A Classification of American Wealth
History and genealogy of the wealthy families of America - Sponsors


 Part 1 : Colonial and Mercantile America  Part 2 : America in the Gilded Age
 Part 3 : America in the Twentieth Century  Encyclopedia of American Wealth

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  Part I-Chapter 1 : Patroons and Manor Lords  > Index and Introduction  :    « Previous   1 - 2   Next »

When what is now New York and New Jersey was under Dutch colonial rule, “patroonship” was introduced by the Dutch West India Company to reward the company’s important officers and directors with large tracts of land in America to do as they wished with, but also to develop the colonies. The first property attributed under patroonship was “Rensselaerwyck”, awarded 1630 to Kiliaen Van Rensselaer, a director and one of the founders of the company. Although Kiliaen Van Rensselaer never set foot on his property, his descendents made “Rensselaerwyck” the largest American land tract in private hands and kept it essentially intact for over two centuries. Patroonship involved not only ownership of the land but also the rights to establish colonies of tenants and rule over these colonies much in the same way as feudal lords did in Europe. Significantly the feudalistic rights going along with “patroonship” was worth more in these times than the property rights to the land, which was generally bought or taken from the Indian tribes at relatively little cost. Along with the rights went some responsibilities, the foremost being the assurance of the security of such settlements which would become easier by the years, as the Indian populations receded and left to go North and West, where they would soon be followed and displaced again by new waves of immigrants and fortune hunters.

The “Lords of Manors” were titles awarded to large landowners and other important colonialists by the English Crown granting much the same rights as the Dutch patroonships. The first such manor was “Pelham”, based upon a patent granted to Thomas Pell in 1666 by the colonial governor. A similar patent was granted to John Archer for the manor of “Fordham” in 1671. More would follow, including the largest and most famous, “Livingston Manor”, ceded to Robert Livingston in 1686 by Governor Thomas Dongan and later confirmed by James II. Building on the rights going along the title of manor lords, the Livingstons established what could well be considered America’s premier dynasty, producing many public servants, merchants as well as military and political leaders. The prolific Livingston clan would ally its own power by marriage to the foremost dynasties of colonial America, such as the Schuylers, Van Rensselaer and Van Cortlandt, and thus produce an interrelated aristocracy, the first to deserve that qualification in America. Other important manors were Lewis Morris’ “Morrisiana”, Stephanus Van Cortlandt’s “Cortlandt Manor” and Frederick Philipse’s“Philipsborough”.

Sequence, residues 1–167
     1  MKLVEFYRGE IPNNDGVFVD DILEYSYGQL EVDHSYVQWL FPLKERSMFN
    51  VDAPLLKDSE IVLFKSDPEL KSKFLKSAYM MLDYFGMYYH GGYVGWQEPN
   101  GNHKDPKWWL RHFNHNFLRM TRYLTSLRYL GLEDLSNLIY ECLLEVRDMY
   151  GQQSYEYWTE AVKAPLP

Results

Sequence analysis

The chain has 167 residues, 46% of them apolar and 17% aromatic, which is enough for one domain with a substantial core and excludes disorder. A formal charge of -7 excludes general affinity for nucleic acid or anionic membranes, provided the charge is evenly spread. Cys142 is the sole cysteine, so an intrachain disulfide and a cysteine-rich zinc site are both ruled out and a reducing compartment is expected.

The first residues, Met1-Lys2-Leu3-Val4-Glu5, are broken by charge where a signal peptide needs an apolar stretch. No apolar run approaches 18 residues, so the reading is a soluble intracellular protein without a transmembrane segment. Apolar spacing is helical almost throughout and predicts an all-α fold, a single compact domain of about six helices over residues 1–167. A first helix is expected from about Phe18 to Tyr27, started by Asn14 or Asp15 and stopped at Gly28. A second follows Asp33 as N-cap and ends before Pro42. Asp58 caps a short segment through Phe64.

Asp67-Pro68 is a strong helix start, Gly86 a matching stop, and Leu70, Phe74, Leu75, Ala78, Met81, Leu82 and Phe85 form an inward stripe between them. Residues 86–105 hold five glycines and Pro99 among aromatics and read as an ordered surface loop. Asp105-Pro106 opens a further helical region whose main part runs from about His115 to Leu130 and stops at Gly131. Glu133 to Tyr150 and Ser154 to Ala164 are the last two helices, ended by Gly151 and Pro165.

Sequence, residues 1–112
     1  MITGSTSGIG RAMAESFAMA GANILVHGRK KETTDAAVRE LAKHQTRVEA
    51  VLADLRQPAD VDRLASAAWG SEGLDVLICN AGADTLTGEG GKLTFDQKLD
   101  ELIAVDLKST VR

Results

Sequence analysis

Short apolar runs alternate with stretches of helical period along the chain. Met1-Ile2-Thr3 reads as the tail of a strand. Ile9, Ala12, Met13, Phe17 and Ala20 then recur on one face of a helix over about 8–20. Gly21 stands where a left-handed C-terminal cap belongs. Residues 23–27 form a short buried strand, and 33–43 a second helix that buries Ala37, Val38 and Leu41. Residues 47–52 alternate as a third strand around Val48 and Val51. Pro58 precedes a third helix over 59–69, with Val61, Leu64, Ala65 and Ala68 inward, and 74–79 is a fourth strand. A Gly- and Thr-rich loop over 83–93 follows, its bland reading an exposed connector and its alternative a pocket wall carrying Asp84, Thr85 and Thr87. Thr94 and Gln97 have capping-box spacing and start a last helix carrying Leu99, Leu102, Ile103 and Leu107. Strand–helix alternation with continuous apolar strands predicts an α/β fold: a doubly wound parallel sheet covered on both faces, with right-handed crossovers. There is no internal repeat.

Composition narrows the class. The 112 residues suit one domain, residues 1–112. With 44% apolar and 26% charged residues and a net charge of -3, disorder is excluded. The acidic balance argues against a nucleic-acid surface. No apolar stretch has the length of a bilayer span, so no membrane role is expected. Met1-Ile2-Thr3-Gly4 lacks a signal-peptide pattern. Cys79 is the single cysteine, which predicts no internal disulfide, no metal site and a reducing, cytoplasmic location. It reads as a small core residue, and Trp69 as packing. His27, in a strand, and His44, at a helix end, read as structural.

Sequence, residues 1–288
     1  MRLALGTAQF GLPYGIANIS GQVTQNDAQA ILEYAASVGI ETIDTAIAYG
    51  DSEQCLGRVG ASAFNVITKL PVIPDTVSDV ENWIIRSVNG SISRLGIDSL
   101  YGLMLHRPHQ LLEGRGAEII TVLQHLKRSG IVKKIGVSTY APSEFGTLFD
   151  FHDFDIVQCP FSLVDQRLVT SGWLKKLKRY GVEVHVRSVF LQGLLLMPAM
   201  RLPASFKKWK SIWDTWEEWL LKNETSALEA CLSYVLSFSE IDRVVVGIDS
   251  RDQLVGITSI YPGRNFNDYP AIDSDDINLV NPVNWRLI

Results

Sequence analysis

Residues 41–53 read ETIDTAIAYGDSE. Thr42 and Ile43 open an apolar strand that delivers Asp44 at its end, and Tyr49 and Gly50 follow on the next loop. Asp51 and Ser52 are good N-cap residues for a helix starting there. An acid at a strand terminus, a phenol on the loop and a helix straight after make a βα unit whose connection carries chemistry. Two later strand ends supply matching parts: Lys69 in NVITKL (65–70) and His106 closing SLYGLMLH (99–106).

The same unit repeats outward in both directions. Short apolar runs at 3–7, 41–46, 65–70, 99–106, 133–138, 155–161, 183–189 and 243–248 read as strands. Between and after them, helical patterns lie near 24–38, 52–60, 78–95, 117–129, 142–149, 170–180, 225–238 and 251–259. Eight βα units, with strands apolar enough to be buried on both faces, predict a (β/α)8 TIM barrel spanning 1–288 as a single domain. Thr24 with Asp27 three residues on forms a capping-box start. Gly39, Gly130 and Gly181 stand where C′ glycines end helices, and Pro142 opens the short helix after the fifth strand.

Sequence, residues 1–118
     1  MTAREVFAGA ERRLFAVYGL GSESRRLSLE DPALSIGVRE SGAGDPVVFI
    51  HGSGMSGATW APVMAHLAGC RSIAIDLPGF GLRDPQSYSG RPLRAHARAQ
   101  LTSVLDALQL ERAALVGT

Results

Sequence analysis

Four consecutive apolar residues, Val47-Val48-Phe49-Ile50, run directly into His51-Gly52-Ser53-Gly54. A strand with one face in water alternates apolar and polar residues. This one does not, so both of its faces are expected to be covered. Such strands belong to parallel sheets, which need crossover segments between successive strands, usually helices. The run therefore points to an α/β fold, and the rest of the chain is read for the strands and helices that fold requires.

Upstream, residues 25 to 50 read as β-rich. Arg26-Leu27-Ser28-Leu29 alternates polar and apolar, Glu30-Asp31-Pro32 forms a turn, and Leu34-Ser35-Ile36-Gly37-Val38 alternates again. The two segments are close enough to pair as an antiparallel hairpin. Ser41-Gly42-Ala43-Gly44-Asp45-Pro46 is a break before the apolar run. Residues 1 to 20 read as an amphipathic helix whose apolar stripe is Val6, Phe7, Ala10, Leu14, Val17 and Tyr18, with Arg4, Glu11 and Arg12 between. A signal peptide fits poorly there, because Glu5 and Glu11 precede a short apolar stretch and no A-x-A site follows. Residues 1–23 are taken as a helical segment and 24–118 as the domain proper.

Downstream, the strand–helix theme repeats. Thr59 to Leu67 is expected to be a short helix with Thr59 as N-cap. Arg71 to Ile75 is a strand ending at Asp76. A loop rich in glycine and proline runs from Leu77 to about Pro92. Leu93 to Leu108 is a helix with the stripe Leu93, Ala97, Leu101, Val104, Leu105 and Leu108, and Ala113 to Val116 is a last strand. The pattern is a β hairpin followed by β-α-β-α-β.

The manorial system was built on feudal rights granted to the deserving (or to the influent) and the principles of primogeniture, where estates were left in entail to the eldest son who would in turn dispose of it in the same way. The younger sons were launched in a mercantile or academic career and left with smaller inheritances, while the daughters were provided for with ample dowries and well planned marital unions to peers. The system enabled the large estates to be essentially intact 100 years after their inception.

By the time of the American Revolution, some of these families would well adapt to the spirit of democracy and support the movement, as did the two Livingstons and Lewis who drafted or signed the Declaration of Independence. Others, like the Philipse, would side with Britain and see their properties seized by the new government. One fate would be reserved to all of them, the loss of their privileges and the dismantling of their estates in the first half of the 19th century, along with the rise of democracy, the development of commerce and the abolition of the principles of primogeniture and entail.

Patroons and Manor Lords  > Index and Introduction  :    « Previous  1 - 2  Next »   

Patroons and Manor Lords

Planter  Aristocrats

Shipping Merchants

The Landlords of New YorkCity

Bankers I

Early American Industrialists
 

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